highlighted the projected urban growth and need for making the cities livable providing
mobility for all. Urban sprawl should be controlled and emphasis should be on public

transport. Travel demand management should be given due considerations and

approach for urban transport should be to avoid unnecessary trips / shift from

personalized mode to public transport and improve technology in transport. He said


UMI has come a long way to create awareness about the sustainable urban transport in

India. He gave away the prizes for two best exhibits in the Expo and three best-prizes
for the research papers.

Shri B. I. Singhal DG, IUT proposed a vote of thanks. It was informed that the UMI

2014 Conference will be held from 2-5 Dec, 2014 and themefor the conference will be
Sustainable Transport for Sustainable Cities.

Participants in the Valedictory Session

82

83

Urban Mobility India Conference 2013 Detailed Program


Time

Hall 1Hall 2 - Ashoka


(hrs)
Zorawar
Day 1 (3rd December, 2013) 1630 onwards

Hall 3 -

Hall 4 - Taber

Shamsher

Annexure - I

Hall 5 - Talwar

Inaugural Session(Zorawar Hall)

1630-

17:30

17:301800

1800-

Welcome Address by Shri M.K. Sinha, Officer on Special Duty & Ex Officio Joint Secretary, Ministry of Urban Development, GoI
Address by Dr Sudhir Krishna, Secretary, Ministry of Urban Development, GoI
Key note address - by Enrique Penalosa, President ITDP & Ex-Mayor, Bogota

Release of publications for Urban transport by Honble Shri Kamal Nath, Minister of Urban Development& Parliamentary Affairs
Inaugural address by Honble Shri Kamal Nath, Union Minister of Urban Development& Parliamentary Affairs
Vote of Thanks by Shri C.K. Khaitan, JS (UT), Ministry of Urban Development, GoI

Inauguration of the Exhibition by Honble Shri Kamal Nath, Union Minister of Urban Development & Parliamentary Affairs

1900

Sustainable Cities (Special Session) Presentation by Mr Enrique Penalosa, President ITDP & Ex-Mayor Bogota

onwar-

Dinner Reception

1900
ds

Day 2 (4th December, 2013) 1130 to 2000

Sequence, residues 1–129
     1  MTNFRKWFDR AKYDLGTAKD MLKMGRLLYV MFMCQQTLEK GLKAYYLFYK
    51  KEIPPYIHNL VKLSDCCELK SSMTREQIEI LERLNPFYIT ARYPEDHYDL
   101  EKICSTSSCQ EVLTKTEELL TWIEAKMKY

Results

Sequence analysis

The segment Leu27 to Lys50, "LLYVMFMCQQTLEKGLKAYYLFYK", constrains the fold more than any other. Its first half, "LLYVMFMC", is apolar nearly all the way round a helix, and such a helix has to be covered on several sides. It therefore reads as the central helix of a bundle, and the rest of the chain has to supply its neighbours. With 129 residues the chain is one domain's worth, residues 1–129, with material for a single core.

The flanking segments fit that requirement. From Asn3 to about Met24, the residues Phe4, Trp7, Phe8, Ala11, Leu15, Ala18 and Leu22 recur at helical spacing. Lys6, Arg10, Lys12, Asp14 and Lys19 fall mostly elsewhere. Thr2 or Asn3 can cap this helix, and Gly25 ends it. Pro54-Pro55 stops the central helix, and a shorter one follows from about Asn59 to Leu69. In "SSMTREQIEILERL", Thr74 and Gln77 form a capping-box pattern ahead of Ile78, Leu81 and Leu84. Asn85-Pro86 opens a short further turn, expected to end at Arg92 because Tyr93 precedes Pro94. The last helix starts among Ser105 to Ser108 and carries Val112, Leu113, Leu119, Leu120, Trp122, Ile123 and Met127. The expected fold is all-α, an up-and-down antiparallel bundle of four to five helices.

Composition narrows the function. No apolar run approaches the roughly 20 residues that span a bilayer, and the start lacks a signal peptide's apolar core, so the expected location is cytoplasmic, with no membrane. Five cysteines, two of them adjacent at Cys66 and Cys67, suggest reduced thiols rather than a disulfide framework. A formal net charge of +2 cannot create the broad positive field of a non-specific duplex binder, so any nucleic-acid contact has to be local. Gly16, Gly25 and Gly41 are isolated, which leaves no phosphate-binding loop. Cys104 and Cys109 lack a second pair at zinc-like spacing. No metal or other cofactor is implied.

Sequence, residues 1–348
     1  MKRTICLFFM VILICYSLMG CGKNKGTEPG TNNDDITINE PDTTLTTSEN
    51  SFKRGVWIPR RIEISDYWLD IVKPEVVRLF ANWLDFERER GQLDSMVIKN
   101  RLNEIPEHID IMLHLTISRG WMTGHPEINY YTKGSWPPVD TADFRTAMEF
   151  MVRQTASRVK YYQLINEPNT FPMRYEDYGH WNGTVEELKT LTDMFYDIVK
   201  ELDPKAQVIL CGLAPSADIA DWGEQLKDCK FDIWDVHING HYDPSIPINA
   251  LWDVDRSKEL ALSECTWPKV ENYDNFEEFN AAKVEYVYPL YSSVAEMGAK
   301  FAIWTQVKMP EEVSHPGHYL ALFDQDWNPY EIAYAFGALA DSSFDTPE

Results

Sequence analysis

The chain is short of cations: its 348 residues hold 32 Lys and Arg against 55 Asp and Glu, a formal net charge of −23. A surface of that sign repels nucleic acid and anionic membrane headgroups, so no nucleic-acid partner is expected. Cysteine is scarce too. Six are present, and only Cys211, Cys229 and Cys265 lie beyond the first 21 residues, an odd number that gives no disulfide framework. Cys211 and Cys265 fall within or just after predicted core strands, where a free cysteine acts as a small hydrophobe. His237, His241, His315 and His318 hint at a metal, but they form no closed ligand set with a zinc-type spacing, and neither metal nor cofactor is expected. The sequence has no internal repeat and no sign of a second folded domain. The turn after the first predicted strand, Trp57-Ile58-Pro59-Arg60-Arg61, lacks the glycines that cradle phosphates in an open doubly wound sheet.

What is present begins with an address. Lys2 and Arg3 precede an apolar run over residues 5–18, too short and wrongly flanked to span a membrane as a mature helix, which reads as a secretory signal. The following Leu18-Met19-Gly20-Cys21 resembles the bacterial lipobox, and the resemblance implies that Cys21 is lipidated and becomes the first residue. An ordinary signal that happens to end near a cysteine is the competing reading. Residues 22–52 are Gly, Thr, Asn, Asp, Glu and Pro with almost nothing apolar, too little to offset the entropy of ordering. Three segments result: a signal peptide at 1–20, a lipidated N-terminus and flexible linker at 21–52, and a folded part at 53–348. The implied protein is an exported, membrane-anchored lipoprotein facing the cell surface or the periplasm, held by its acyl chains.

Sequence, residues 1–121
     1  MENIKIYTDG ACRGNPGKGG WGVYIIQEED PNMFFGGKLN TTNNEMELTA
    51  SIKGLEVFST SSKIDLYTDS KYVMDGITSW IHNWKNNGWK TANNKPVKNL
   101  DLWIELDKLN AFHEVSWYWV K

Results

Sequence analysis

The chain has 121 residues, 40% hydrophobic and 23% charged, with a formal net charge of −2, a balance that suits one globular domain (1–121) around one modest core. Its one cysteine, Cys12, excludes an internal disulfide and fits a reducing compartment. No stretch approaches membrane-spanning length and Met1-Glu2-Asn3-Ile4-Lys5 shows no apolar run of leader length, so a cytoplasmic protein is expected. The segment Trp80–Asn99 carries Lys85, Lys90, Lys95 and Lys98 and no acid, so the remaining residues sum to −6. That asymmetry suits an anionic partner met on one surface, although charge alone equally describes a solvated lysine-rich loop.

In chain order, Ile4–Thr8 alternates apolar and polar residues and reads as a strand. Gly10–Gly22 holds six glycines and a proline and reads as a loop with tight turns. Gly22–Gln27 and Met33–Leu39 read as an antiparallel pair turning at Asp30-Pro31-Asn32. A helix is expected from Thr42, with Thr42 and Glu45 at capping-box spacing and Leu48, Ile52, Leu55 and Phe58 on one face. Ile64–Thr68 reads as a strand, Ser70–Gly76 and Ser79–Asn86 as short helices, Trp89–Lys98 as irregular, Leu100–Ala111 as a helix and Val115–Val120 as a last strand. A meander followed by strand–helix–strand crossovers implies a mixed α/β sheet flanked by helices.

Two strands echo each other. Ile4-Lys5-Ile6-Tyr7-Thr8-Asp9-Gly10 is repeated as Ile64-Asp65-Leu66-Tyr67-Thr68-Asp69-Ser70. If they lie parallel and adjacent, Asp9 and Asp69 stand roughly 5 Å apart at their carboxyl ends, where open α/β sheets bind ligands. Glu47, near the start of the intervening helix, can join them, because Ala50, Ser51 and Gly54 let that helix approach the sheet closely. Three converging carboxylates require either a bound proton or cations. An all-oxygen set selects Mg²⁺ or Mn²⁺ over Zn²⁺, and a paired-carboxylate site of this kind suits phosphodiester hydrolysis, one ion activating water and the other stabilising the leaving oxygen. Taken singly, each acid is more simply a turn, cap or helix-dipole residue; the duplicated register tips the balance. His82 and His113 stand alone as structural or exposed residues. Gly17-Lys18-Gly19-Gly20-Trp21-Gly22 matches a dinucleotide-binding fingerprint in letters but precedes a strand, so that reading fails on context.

Panel Discussion - Inclusive Transport (Ashoka Hall)
Chairperson Mr Conrado, Heruela, UNEP

11301300

13001430

Co-chair Mr P.S. Kharola, MD, BMRCL


Panelist

Ms Anjalli Agarwal, Director, Samarthyam


Prof. Darshini Mahadevia, Dean, CEPT University
Mr Nalin Sinha, Director, ITDP, India
Mr Cornie Huizenga, Joint Convener, SLoCaT Partnership

Rapporteur Akshima Ghate, TERI


Lunch/ Visit to Exhibition
Technical

Technical

Round Table 1

Round Table 2 Bus

Round Table 3 Comprehensive Mobility

Session1A-

Session1B

Pedestrian Safety

Karo: Modernizing

Plan Toolkit

Making Transit

Intelligent

in Indian Cities

City Bus Service

Oriented

Transport System
Chairperson Shri

Chairperson Mr

MD, Jaipur Metro

BMTC

Development
(TOD) Happen
Chairperson -Mr
I.P. Gautam, VC,
Ahmedabad
14301600

Metro Rail

Co-chair Shri

J.B. Kshirsagar,
Chief TCPO

Chairperson - Mr J.
Satyanarayan,

Secretary, Ministry

of Communication &

Nihal Chand Goel,


Rail Corporation

IT

Co-chair Dr. R. N.

Co-chair Taj

Director, Himachal

Hassan, Special

Commissioner of
Police (Traffic),

Batta, Managing
Road State
Transport

Presenter Dr

Raina Singh,

Rapporteur

Professor, IIT Delhi

Planning TOD in

Traffic and

Development

Management - Dr

TERI

greenfield

Mr. Trevor

MrSudhir Badami
Congestion

Co-chair Dr Sanjay

Gupta, Professor, SPA


Presenter Mr Dario
Hidalgo, EMBARQ

Rapporteur Shell

Delhi Police

Rapporteur Ms

Anjum Parwez, MD,

Geetam Tiwari,
Rapporteur

MrShree Prakash

Jason Chang,

84

Chairperson Mr B.I. SIngal, DG, IUT


Co-chair Mr R.K. Singh, Director, MouD
Presenter Mr Subhash Dhar, UNEP
Rapporteur Ms Deepti Jain, IIT Delhi

Time
(hrs)

Hall 1-

Professor, Dept. of

I Group

National Taiwan

BankimKalra IB

Implementing

TOD - Dr Chris
Hale, HOD

Melbourne
University

in Urban Settings
MrErik Campel,

Senior Associate,
Cambridge

Systematics
planning & data
ShriManjunath

Prasad, MD, KSRTC


(Mysore)

TOD Experience

Intelligent Transport

Rail Shri S.D.

in Urban Transport

of Delhi Metro

Sharma, Director
(Business

Development),
DMRC

1630

development of ITS

management

Metro Rail

Management System
MrK. Jayakishan,
Executive Vice

President, Strategy &


Business

Development, DIMTS

Tea, Coffee and Networking Break


Technical

Technical Session

Round Table 4

Round Table 5

Round Table 6 Fuel Efficiency & Emission

Session2A

2B Rail Transit

Service Level

Access to Public

Guidelines for Buses

Innovative

Systems - Alternate

Benchmarks

Spaces

Financing

Modes
Chairperson Dr

Chairperson -

Secretary, Ministry

Director, SPA

Mechanisms
Chairperson -

Mr G S Sandhu,
Add. Chief
Secretary,

Government of
16301800

Hall 5 - Talwar

Planning for the

Financing - Shri
Ahmedabad

Hall 4 - Taber

University

Public transport

I.P. Gautam, VC,